Reprinted from The Young Folks as posted on November 10, 2014
Once you reach the stars, perhaps it’s time to make a return trip to Earth. Writer/director Christopher Nolan’s hotly anticipated new film Interstellar has been described as his grandest and most ambitious work yet (if not necessarily his best), and this inspired me to revisit his very first film: Following. Far from the $150 million plus budgets of his blockbuster work, Following was made on a peanuts budget of only $6,000 (even less than the many cheap found footage horror movies), but it already lays the groundwork for the common thematic material and stylistic touches that Nolan continues to explore to this day.The film is about a young man (who goes by multiple names) who is intrigued by the lives of strangers to the point where he’s willing to follow them around all day and become invested in their daily routines. One day the stranger he is following notices and confronts him about it. This man, named Cobb (a name that would be repurposed for Leonardo DiCaprio in Nolan’s own Inception), is a burglar who brings the protagonist along on break-ins and eventually seduces him into the lifestyle of a career criminal. In the guise of his new identity, the young man soon begins a relationship with a woman whose house he broke into, and that’s when everything begins to unravel around him.
Of Nolan’s later films, Following most closely resembles his breakout hit Memento in its affinity for film noir tropes as well as the psychological uncertainty of its characters’ motivations. The Young Man falls in line with many of Nolan’s obsessive protagonists, and his striving to live through others who have more than him provides a real character-based reason for the familiar “ordinary man sucked into a life of crime” story. As it becomes apparent, though, not everything is as it seems, and each character keeps their motivations close to the chest.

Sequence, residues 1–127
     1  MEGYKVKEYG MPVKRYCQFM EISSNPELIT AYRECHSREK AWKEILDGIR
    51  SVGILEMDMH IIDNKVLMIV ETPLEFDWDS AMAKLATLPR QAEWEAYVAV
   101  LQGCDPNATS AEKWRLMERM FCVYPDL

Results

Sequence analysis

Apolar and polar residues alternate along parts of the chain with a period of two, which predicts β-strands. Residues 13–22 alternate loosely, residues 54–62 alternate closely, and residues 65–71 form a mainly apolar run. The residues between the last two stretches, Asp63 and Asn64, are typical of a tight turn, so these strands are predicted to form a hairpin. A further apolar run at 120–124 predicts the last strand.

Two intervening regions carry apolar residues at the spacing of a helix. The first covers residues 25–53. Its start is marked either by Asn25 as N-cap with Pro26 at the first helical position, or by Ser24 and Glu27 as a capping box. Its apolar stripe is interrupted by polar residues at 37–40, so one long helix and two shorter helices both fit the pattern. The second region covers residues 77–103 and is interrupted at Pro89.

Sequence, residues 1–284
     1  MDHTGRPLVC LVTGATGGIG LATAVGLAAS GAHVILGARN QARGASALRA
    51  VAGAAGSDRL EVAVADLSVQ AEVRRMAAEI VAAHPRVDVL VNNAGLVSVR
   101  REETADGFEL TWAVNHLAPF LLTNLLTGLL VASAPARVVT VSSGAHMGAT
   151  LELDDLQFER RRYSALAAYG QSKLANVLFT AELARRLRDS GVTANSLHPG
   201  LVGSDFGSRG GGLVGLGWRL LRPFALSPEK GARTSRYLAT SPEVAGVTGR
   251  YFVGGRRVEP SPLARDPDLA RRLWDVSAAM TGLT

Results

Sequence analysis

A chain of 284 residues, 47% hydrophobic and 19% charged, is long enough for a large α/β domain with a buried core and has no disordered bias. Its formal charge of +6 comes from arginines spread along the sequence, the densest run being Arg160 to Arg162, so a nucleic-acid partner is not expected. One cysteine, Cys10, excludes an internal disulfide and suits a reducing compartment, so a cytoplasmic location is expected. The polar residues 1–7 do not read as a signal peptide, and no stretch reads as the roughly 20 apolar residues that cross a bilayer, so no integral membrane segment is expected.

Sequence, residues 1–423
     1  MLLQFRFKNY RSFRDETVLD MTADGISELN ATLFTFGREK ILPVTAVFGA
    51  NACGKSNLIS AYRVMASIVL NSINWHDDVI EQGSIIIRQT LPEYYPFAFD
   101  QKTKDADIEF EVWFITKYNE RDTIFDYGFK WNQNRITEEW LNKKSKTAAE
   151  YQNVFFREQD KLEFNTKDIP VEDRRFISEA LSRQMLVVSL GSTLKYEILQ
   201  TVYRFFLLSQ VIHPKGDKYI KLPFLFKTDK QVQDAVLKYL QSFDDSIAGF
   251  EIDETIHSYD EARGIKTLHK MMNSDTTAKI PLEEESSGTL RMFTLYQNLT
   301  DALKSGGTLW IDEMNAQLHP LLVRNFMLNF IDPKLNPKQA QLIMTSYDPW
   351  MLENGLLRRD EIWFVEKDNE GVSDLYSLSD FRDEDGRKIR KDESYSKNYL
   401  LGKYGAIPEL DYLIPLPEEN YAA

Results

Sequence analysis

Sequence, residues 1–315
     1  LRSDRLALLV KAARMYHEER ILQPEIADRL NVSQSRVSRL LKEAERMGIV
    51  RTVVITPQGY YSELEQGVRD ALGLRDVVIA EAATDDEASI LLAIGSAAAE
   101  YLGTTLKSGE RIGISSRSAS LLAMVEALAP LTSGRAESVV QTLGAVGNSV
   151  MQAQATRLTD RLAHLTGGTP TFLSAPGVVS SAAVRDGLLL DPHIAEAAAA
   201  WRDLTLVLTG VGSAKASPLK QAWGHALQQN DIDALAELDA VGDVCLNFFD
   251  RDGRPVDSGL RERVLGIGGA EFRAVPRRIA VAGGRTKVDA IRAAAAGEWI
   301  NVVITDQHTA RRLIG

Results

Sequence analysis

With many filmmakers working on low resources, their first films can feel like rough sketches of ideas that would be more fully explored in their later works, but with Following it’s clear that Nolan already had a clear picture of the kind of story he wanted to tell. Apart from missing cinematographer Wally Pfister, whose crisp and sterile imagery, in contrast to the grainy black and white looseness of this debut, would define each of the director’s films from Memento and on, Following works as more than just a cinematic curiosity.
With frequent early collaborator David Julyan handling music duties (whose minimalist work is a refreshing, far cry from the Hans Zimmer bombast found in the Batman films and Inception), Nolan pulls a Robert Rodriguez by controlling most production duties but with much more success in executing his intentions. Rodriguez’ super low budget debut El Mariachi is an obvious comparison on multiple fronts, including the feeling of creative freedom and discovery as we see a budding filmmaker find his groove. Nolan fans that prefer his more grounded output like Memento and especially The Prestige will greatly appreciate the use of non-linear story structure and plot twists rooted in character work.
It’s these qualities that show how Following isn’t just an anomaly or a prelude for what was to come in the director’s career, and was even deemed worthy of a recent Criterion Blu-ray restoration. Fans of Christopher Nolan’s work will greatly appreciate the recurring themes and visual touches that would materialize later on. Meanwhile, neophytes will also enjoy seeing a filmmaker utilize their limited resources to their advantage in creative ways, much like other filmmakers such as Darren Aronofsky and Sam Raimi did with their first films, Pi and The Evil Dead, respectively. And if you thought Memento was Christopher Nolan’s calling card, then it’s time to correct this by seeking out Following in the near future.